Judit Polgar Top 11 Amazing Chess Sacrifices! The Strongest Woman Chess Player of all time!

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Who is Judit Polgar ?

Judit Polgár (born 23 July 1976) is a Hungarian chess grandmaster. She is generally considered the strongest female chess player of all time.[1] Since September 2015, she has been inactive. In 1991, Polgár achieved the title of Grandmaster at the age of 15 years and 4 months, at the time the youngest to have done so, breaking the record previously held by former World Champion Bobby Fischer. She was the youngest ever player to break into the FIDE Top 100 players rating list, ranking No. 55 in the January 1989 rating list, at the age of 12.[2] She is the only woman to qualify for a World Championship tournament, having done so in 2005. She is the first, and to date only, woman to have surpassed 2700 Elo, reaching a career peak rating of 2735 and peak world ranking of No. 8, both achieved in 2005. She was the No. 1 rated woman in the world from January 1989 until the March 2015 rating list, when she was overtaken by Chinese player Hou Yifan; she was the No. 1 again in the August 2015 women’s rating list, in her last appearance in the FIDE World Rankings.

She has won or shared first in the chess tournaments of Hastings 1993, Madrid 1994, León 1996, U.S. Open 1998, Hoogeveen 1999, Sigeman & Co 2000, Japfa 2000, and the Najdorf Memorial 2000.[3]

Polgár is the only woman to have won a game against a reigning world number one player, and has defeated eleven current or former world champions in either rapid or classical chess: Magnus Carlsen, Anatoly Karpov, Garry Kasparov, Vladimir Kramnik, Boris Spassky, Vasily Smyslov, Veselin Topalov, Viswanathan Anand, Ruslan Ponomariov, Alexander Khalifman, and Rustam Kasimdzhanov.[4]

On 13 August 2014, she announced her retirement from competitive chess.[5][6][7] In June 2015, Polgár was elected as the new captain and head coach of the Hungarian national men’s team.[8] On 20 August 2015, she received Hungary’s highest decoration, the Grand Cross of the Order of Saint Stephen of Hungary.[9]

Polgár has rarely played in women’s-specific tournaments or divisions and has never competed for the Women’s World Championship: “I always say that women should have the self-confidence that they are as good as male players, but only if they are willing to work and take it seriously as much as male players.”[16] While László Polgár has been credited with being an excellent chess coach,[17] the Polgárs had also employed professional chessplayers to train their daughters, including Hungarian champion IM Tibor Florian, GM Pal Benko, and Russian GM Alexander Chernin.[18][19][20] Susan Polgár, the eldest of the sisters, 5½ years older than Sophia and 7 years older than Judit, was the first of the sisters to achieve prominence in chess by winning tournaments, and by 1986, she was the world’s top-rated female chess player.[21][22][23] Initially, being the youngest, Judit was separated from her sisters while they were in training. However, this only served to increase Judit’s curiosity. After learning the rules, they discovered Judit was able to find solutions to the problems they were studying, and she began to be invited into the group.[24] One evening, Susan was studying an endgame with their trainer, a strong International Master. Unable to find the solution, they woke Judit, who was asleep in bed and carried her into the training room. Still half asleep, Judit showed them how to solve the problem, after which they put her back to bed.[11] László Polgár’s experiment would produce a family of one international master and two grandmasters and would strengthen the argument for nurture over nature, as well as prove women could be chess grandmasters.[25]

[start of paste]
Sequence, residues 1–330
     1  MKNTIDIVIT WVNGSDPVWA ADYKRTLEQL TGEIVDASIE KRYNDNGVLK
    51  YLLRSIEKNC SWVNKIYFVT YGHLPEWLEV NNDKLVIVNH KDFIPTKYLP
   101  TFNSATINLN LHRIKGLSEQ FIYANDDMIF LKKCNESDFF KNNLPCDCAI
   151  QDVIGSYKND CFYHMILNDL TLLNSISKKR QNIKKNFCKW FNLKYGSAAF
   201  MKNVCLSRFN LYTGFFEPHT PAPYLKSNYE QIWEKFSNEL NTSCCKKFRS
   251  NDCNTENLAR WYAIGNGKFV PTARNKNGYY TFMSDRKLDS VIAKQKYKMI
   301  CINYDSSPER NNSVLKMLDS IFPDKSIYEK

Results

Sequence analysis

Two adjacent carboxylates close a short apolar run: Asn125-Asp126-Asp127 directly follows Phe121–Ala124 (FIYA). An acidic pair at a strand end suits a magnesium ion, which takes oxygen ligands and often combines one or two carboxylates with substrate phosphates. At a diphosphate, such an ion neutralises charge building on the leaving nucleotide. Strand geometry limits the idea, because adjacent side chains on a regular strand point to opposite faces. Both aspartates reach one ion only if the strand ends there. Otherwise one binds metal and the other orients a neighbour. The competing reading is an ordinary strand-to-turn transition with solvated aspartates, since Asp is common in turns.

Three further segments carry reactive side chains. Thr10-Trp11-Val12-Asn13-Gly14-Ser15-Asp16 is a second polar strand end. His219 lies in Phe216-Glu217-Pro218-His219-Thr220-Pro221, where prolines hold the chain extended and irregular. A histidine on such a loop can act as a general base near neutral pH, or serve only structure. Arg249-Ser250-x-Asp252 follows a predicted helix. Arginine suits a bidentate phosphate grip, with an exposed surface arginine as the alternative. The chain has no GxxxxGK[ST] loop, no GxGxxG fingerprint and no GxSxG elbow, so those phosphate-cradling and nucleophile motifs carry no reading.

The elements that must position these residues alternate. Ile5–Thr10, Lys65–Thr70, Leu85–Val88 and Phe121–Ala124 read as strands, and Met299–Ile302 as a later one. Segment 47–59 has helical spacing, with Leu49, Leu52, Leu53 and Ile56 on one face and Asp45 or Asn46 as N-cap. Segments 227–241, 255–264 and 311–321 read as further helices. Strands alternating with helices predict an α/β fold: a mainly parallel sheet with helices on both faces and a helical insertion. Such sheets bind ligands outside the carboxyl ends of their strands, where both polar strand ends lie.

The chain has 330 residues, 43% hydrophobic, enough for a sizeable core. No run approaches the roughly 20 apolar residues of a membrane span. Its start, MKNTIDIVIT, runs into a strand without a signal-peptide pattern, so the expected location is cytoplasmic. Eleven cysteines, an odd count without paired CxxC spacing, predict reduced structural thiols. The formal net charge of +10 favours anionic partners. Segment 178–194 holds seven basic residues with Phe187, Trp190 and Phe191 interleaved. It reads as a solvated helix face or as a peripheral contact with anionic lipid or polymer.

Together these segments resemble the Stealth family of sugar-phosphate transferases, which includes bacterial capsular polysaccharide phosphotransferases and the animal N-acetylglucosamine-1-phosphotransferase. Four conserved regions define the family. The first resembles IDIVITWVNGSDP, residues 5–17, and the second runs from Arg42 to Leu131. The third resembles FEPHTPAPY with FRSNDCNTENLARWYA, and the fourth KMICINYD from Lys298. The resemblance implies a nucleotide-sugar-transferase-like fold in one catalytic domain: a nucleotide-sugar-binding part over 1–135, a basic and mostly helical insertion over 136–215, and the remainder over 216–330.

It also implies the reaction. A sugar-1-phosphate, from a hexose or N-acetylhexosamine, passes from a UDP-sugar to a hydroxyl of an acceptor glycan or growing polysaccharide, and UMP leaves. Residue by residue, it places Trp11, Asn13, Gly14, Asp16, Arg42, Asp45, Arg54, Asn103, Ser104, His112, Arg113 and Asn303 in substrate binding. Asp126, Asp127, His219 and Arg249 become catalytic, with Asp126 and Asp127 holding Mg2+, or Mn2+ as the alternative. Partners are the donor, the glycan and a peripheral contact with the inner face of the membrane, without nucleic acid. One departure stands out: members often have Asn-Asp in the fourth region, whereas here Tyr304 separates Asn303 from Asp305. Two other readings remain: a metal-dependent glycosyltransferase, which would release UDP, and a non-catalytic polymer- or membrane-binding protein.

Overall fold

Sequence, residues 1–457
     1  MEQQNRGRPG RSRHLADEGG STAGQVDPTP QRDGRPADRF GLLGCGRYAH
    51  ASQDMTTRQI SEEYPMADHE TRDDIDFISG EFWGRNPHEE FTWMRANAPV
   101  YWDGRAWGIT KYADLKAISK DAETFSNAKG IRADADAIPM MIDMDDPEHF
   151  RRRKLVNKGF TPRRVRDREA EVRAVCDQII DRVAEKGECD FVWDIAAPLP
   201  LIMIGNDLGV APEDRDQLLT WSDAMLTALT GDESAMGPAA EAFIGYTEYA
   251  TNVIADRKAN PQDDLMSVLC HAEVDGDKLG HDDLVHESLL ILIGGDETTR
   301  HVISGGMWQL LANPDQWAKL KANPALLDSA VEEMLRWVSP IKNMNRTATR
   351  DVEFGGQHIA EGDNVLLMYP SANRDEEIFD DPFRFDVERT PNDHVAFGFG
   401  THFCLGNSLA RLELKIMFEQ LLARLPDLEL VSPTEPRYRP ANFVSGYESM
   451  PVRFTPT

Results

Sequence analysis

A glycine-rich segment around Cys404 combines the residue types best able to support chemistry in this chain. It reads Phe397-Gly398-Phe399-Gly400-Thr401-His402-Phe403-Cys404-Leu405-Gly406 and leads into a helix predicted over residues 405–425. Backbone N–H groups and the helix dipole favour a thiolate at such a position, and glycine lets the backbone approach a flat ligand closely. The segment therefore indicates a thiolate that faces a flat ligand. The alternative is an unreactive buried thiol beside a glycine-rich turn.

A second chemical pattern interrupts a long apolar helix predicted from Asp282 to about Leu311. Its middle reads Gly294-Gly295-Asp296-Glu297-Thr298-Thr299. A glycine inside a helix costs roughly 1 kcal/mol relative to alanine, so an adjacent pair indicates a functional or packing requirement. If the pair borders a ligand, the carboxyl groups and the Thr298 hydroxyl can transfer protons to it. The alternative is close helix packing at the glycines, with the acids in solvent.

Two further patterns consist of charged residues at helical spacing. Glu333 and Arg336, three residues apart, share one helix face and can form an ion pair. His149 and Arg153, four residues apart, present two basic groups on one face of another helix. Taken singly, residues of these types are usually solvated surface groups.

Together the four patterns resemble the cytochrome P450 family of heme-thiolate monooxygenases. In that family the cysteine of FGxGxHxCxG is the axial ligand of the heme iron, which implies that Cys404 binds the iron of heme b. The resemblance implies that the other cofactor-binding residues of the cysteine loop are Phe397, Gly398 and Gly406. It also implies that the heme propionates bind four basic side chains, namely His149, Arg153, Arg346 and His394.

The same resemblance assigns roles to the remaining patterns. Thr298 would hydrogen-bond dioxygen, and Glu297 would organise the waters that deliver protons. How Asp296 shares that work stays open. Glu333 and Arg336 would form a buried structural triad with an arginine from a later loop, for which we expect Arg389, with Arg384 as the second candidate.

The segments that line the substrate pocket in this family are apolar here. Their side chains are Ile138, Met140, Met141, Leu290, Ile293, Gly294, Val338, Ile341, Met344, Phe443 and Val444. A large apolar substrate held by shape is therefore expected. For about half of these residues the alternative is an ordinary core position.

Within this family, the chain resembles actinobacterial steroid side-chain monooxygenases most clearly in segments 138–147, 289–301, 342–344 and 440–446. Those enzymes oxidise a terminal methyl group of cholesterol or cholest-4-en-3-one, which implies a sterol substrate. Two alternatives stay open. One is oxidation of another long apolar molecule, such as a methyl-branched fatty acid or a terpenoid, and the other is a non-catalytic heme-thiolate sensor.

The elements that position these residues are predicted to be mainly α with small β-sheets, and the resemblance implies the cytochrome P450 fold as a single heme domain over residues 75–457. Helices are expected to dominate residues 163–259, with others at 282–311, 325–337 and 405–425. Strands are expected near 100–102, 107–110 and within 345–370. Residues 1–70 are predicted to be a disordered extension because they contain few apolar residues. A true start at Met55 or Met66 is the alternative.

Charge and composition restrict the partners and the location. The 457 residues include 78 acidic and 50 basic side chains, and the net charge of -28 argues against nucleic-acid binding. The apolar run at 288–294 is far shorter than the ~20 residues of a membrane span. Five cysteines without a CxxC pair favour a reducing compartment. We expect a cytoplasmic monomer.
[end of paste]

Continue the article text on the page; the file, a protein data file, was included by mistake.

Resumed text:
Child prodigy
Trained in her early years by her sister Susan, who ultimately became Women’s World Champion, Judit Polgár was a prodigy from an early age. At age 5, she defeated a family friend without looking at the board. After the game, the friend joked: “You are good at chess, but I’m a good cook.” Judit replied: “Do you cook without looking at the stove?”[26] However, according to Susan, Judit was not the sister with the most talent, explaining: “Judit was a slow starter, but very hard-working.”[27] Polgár described herself at that age as “obsessive” about chess.[28] She first defeated an International Master, Dolfi Drimer, at age 10,[29] and a grandmaster, Lev Gutman, at age 11.[30]
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  1. hallo. Judit is not thje best chess player ever. i can argu with that. Nona Gafrindashvili was the first woman, who achieved GM title ever. also she was 5 times world champion and the only matche she had with Judit H2H, she won in a great stile with black peaces. you must apologize for your words

  2. #Judit #Polgar Top 11 #Chess Sacrifices! The Strongest Woman Chess Player of all time! All likes, comments, questions etc appreciated. Cheers, K 

  3. please make more videos please

  4. Some amazing combinations, the complexity of which is shown by how many times my chess engine changes it's mind and underestimates the strength of the position. It's a shame she's retiring so young. A great loss to the chess world.

  5. Great stuff! Strength, elegance, simplicity. She always seemed very chilled, but what a competitor!

  6. Great video! Thank you for taking my request :)

  7. I remember Vlastimil Hort commenting on Judit after one of her crushing victories :"Does she cook as well as she plays chess?

  8. The Strongest Woman Chess Player of all time! thank you tryfon

  9. an exception disproves the rule Sherlock Holmes re: the amount of sexist nonsense here

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